The title of the second book reminds us how loyally the Greenwich Observatory has served the purposes of its foundation. To determine, or to supply the means for determining, the longitude has constantly figured in its programme of work. The times have altered, the conditions of the problem have changed, and, above all, accuracy has increased, but, steadfast to its original design, the Royal Observatory has always been willing to assist in such inquiries, whether in the interests of navigation or for the purposes of geodesy. The Paris meridian seems to have been a constant source of anxiety to Greenwich, and the present volume gives the history of no less than three attempts to grapple with the difficulty. The two earlier results, om. 20-85s. and 9m. 20.79s. west of Greenwich, sem fairly accordant to the lay mind, but since they both differed in the same direction from the results of the French observers, the small discrepancy led to a third attempt in 1902, from which it appeared that Paris was west of Greenwich gm. 20-9328., with a probable error of only noons. Since this probable error is equivalent to about the length of an ordinary writing table, it would seem to possess the necessary accuracy, and the problem of the distance between the meridians of Greenwich and Paris may be considered as laid aside for some time to come. The remaining portion of the book is concerned with the longitudes of Montreal, Waterville, and Canso, and of stations incidentally connected with the scheme of operations. The result is to place Montreal in west longitude 4h. 54m. 18.625., with an uncertainty of about 20 feet. Doubtless the day will come when this error will be felt to be intolerable, but if a demand is made for a fresh inquiry, we may be sure that the best traditions of Greenwich will respond to the appeal. W. E. P.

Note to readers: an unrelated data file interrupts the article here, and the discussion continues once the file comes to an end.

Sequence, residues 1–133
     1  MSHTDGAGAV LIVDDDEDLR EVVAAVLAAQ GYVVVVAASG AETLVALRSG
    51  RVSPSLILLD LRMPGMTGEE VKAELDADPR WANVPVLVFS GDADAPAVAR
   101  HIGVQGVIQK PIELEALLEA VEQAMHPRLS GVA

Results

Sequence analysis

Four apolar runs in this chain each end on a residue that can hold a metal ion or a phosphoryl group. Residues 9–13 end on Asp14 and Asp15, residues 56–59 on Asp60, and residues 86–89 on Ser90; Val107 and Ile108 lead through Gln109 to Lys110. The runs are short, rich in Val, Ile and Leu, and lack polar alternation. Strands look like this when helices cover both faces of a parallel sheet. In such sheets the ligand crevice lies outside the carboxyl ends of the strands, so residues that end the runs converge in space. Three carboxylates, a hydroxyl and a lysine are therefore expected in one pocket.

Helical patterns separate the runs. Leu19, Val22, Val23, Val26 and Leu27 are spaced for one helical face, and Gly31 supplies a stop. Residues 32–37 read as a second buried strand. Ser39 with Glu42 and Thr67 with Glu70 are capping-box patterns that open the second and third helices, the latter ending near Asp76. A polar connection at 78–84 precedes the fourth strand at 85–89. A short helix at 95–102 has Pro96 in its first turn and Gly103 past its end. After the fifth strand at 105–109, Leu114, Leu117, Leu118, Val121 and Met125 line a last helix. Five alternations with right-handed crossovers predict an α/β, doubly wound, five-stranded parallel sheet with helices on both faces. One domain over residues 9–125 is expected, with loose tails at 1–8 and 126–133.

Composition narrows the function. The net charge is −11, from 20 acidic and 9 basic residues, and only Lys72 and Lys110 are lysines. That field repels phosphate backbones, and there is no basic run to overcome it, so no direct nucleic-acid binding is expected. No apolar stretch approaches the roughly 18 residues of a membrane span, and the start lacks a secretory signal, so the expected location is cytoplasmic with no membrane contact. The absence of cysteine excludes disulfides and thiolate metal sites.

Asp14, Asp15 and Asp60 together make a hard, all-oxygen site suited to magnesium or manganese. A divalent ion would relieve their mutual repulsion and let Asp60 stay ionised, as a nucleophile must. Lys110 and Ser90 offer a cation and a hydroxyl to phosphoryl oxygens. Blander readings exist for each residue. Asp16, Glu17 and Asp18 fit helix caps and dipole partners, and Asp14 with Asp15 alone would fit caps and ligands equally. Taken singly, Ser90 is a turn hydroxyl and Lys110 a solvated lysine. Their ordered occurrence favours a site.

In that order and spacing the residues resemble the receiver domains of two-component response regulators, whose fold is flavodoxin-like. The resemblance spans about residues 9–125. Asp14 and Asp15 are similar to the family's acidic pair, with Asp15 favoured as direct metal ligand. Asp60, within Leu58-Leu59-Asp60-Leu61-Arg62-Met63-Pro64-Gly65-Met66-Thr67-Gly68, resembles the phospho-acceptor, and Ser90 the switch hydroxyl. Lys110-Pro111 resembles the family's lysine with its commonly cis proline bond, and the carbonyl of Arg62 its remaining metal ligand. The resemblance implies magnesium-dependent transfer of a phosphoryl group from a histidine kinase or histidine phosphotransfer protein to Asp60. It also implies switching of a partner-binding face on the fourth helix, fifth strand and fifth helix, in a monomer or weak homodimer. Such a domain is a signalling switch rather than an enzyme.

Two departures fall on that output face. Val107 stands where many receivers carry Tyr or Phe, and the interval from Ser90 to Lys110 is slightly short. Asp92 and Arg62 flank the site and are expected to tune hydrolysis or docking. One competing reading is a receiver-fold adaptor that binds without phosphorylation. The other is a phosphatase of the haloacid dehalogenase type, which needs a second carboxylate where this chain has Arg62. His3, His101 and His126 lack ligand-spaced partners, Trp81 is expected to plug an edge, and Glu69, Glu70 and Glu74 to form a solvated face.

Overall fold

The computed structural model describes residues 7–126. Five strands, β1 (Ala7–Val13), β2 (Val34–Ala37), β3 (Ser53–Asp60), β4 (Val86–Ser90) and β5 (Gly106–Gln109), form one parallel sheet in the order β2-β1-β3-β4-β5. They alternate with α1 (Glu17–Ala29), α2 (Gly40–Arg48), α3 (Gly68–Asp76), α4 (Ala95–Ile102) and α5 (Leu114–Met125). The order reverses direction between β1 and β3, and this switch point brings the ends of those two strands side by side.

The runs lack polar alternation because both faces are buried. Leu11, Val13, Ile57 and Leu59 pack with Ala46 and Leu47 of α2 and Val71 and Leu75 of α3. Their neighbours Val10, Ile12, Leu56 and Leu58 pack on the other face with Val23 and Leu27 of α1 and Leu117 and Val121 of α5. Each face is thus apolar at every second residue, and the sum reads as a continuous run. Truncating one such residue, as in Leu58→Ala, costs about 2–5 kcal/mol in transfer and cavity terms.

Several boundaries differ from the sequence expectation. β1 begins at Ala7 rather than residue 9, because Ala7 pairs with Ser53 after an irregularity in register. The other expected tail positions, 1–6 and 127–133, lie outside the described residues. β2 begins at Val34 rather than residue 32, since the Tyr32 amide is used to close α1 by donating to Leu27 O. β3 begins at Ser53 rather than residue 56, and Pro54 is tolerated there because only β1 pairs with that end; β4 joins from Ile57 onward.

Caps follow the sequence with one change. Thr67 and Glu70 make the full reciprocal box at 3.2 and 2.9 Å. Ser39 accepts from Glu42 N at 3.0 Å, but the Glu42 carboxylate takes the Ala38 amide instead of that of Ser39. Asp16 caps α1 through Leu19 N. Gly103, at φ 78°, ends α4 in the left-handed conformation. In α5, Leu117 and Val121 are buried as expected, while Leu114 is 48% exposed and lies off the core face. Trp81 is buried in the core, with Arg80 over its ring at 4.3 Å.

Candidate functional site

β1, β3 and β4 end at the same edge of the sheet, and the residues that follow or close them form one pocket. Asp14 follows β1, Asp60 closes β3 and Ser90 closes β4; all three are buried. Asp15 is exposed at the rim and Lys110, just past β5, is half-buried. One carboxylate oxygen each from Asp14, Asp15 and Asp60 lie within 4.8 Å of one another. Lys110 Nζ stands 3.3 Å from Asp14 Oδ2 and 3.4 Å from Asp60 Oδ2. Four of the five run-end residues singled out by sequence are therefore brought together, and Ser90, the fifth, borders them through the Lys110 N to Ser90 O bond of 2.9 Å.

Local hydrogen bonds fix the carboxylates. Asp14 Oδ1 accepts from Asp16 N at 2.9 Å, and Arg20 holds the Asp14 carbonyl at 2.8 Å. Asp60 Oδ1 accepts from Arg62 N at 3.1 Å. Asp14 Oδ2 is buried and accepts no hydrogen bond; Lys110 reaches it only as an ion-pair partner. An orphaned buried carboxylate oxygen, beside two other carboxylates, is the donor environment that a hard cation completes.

"On the Standardisation of Anti-typhoid Vaccine," by Captain George Lamb and Captain W. B. C. Forster, has just appeared (Scientific Memoirs of the Government of India, No. 21. Calcutta: The Government Printing Office, 1906. Pp. 15. Price 7d.). After reviewing the various methods which have been proposed for the standardisation of Wright's anti-typhoid vaccine, Captains Lamb and Forster come to the conclusion that the virulence of the organisms used in the preparation of the vaccines must be taken into account. Since it